[Marxism] Fw: book for review

George Snedeker george.snedeker at verizon.net
Tue Sep 30 09:23:08 MDT 2014


Socialism and Democracy is looking for someone to review the following book:
Omar Dahbour, SELF-DETERMINATION WITHOUT NATIONALISM, Temple University Press, 2014.

Write to me offline at george.snedeker at verizon.net if you would like to review this book. 



The following are several blurbs for this book from the publisher: 

 

 *"In *Self-Determination without Nationalism*, Omar Dahbour powerfully

combines trenchant criticisms of nationalism with the innovative

construction of an alternative ideal of collective self-determination as a

common project of ethical community. Richly informed and resourcefully

argued, his book illuminates central questions in the ethics of

international relations and political philosophy as a whole."*-Richard

Miller, Wyn and William Y. Hutchinson Professor in Ethics and Public Life

and Director, Program on Ethics and Public Life, Department of Philosophy,

Cornell University

 

 How do groups-be they religious or ethnic-achieve sovereignty in a

postnationalist world? In *Self-Determination without Nationalism: A Theory

of Postnational Sovereignty

<http://www.temple.edu/tempress/titles/2049_reg.html>*(Publication Date:

September 30, 2014), noted philosopher Omar Dahbour insists that the

existing ethics of international relations, dominated by the rival notions

of liberal nationalism and political cosmopolitanism, no longer suffice.

 

Dahbour notes that political communities are an ethically desirable and

historically inevitable feature of collective life. The ethical principles

that govern them, however-especially self-determination and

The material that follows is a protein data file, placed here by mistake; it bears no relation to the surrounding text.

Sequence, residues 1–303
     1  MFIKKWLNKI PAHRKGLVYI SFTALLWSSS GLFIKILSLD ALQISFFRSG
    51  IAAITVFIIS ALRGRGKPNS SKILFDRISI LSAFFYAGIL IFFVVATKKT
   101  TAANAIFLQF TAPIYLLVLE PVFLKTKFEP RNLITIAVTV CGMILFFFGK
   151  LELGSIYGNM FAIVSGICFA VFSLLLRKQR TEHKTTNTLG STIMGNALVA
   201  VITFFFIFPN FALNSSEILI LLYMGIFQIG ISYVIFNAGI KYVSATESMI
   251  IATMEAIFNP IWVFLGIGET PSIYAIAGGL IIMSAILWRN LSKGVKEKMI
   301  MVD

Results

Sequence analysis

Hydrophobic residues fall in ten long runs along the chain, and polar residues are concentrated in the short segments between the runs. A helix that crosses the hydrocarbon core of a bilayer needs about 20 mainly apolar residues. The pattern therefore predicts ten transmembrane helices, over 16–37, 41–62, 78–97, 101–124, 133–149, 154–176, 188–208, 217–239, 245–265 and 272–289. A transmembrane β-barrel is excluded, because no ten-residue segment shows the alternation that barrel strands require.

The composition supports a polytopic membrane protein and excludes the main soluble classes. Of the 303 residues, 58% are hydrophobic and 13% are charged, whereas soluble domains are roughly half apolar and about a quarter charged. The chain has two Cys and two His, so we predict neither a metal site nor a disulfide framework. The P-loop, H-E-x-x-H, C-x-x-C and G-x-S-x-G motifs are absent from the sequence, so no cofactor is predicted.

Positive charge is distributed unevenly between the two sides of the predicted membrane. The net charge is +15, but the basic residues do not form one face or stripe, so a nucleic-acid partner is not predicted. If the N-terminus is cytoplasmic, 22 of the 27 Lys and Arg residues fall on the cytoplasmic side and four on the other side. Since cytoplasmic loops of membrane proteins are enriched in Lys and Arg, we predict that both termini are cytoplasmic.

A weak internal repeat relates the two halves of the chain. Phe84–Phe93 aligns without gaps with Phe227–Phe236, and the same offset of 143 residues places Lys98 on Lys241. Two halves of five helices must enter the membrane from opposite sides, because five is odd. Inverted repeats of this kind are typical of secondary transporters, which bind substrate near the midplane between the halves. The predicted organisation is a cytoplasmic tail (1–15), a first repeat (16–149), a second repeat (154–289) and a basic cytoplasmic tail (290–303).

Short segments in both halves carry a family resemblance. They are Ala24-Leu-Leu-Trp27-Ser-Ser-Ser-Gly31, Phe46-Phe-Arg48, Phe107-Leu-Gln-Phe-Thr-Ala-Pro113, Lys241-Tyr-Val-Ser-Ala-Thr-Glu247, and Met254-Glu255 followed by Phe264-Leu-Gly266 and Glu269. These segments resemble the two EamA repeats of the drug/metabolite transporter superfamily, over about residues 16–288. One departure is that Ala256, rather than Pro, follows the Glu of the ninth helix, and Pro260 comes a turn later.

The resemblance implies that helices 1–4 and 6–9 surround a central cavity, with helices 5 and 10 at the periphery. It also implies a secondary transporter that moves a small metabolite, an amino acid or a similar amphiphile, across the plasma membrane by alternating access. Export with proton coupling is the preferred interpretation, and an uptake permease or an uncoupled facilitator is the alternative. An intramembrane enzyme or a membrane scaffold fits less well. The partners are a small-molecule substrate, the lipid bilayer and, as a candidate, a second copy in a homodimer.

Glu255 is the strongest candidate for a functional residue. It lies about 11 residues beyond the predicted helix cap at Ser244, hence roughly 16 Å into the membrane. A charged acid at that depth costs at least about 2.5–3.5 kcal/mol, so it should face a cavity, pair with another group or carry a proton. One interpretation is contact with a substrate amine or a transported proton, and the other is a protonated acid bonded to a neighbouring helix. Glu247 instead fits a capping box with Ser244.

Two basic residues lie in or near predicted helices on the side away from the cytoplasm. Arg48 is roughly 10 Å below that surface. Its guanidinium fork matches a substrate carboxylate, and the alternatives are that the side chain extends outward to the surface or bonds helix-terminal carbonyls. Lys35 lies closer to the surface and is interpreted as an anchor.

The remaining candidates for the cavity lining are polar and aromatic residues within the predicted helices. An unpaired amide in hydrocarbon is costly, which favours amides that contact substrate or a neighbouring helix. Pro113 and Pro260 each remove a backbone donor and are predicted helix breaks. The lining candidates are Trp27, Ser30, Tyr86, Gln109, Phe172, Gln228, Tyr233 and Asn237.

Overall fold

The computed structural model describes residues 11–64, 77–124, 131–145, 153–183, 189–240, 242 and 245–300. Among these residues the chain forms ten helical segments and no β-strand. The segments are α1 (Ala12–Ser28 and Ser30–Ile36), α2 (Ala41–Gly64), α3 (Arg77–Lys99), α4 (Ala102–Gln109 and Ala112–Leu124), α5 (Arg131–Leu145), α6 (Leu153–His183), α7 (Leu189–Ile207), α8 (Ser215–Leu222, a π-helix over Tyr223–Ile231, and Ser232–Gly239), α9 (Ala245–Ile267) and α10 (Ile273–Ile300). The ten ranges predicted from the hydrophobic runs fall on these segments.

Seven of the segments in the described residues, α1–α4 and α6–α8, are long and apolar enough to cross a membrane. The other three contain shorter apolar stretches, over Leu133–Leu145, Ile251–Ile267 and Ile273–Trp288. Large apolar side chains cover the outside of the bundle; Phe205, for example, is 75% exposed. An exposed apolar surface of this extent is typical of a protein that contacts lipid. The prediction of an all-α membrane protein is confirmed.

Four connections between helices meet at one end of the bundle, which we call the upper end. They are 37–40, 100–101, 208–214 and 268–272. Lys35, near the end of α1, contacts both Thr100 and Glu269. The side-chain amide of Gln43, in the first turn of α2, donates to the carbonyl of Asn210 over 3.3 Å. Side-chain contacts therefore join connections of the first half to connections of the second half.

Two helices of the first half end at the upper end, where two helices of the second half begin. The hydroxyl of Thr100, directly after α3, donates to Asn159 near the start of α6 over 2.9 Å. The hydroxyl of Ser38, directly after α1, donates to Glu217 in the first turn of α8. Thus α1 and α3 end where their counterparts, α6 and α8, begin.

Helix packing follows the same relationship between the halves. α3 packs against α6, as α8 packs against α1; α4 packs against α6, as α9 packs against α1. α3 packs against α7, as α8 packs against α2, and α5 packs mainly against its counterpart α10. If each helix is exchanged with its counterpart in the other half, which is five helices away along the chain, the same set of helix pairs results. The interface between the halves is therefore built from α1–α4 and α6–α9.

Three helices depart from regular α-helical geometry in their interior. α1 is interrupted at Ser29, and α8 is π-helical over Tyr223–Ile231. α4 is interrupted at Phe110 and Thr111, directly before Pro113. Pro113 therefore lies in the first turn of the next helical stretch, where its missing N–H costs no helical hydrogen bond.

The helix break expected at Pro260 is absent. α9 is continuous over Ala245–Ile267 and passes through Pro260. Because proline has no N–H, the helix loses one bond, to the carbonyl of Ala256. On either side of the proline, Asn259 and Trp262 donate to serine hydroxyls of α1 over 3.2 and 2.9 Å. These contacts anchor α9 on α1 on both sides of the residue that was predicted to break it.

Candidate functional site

sovereignty-require reformulation in light of globalization and the

economic and environmental challenges of the twenty-first century.

 

Arguing that nation-states violate the principle of self-determination,

Dahbour then develops a detailed new theory of self-determination that he

calls "ecosovereignty." Ecosovereignty defines political community in a way

that can protect and further the rights of indigenous peoples as well as

the needs of ecological regions for a sustainable form of development and

security from environmental destruction.

 

In the series *Global Ethics and Politics

<http://www.temple.edu/tempress/gep.html>*, edited by Carol C. Gould

 

*Omar Dahbour* is Professor of Philosophy at Hunter College and Graduate

School, City University of New York, and is affiliated with CUNY's Center

for Place, Culture, and Politics. He is the author of *Illusion of the

Peoples: A Critique of National Self-Determination* and coeditor of both *The

Nationalism Reader* and *Democracy, States, and the Struggle for Global

Justice*.

 

George Snedeker

www.sdonline.org



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